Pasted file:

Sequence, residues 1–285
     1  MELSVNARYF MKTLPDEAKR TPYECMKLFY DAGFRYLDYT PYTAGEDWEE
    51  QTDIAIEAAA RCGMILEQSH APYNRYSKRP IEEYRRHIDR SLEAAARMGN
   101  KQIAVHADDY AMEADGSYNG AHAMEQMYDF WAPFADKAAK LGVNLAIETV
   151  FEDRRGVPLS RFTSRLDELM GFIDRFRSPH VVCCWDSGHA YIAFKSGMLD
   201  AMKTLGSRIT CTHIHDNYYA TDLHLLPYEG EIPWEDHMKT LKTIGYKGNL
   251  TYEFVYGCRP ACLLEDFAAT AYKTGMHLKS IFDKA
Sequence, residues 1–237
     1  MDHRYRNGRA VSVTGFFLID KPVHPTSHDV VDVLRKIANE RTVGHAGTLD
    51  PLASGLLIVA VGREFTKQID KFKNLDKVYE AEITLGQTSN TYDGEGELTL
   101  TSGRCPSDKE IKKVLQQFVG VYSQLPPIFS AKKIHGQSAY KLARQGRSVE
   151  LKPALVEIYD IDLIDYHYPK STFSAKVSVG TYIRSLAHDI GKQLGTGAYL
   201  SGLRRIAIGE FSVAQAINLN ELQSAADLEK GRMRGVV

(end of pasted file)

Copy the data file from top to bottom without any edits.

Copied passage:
Sequence, residues 1–285
     1  MELSVNARYF MKTLPDEAKR TPYECMKLFY DAGFRYLDYT PYTAGEDWEE
    51  QTDIAIEAAA RCGMILEQSH APYNRYSKRP IEEYRRHIDR SLEAAARMGN
   101  KQIAVHADDY AMEADGSYNG AHAMEQMYDF WAPFADKAAK LGVNLAIETV
   151  FEDRRGVPLS RFTSRLDELM GFIDRFRSPH VVCCWDSGHA YIAFKSGMLD
   201  AMKTLGSRIT CTHIHDNYYA TDLHLLPYEG EIPWEDHMKT LKTIGYKGNL
   251  TYEFVYGCRP ACLLEDFAAT AYKTGMHLKS IFDKA
Sequence, residues 1–237
     1  MDHRYRNGRA VSVTGFFLID KPVHPTSHDV VDVLRKIANE RTVGHAGTLD
    51  PLASGLLIVA VGREFTKQID KFKNLDKVYE AEITLGQTSN TYDGEGELTL
   101  TSGRCPSDKE IKKVLQQFVG VYSQLPPIFS AKKIHGQSAY KLARQGRSVE
   151  LKPALVEIYD IDLIDYHYPK STFSAKVSVG TYIRSLAHDI GKQLGTGAYL
   201  SGLRRIAIGE FSVAQAINLN ELQSAADLEK GRMRGVV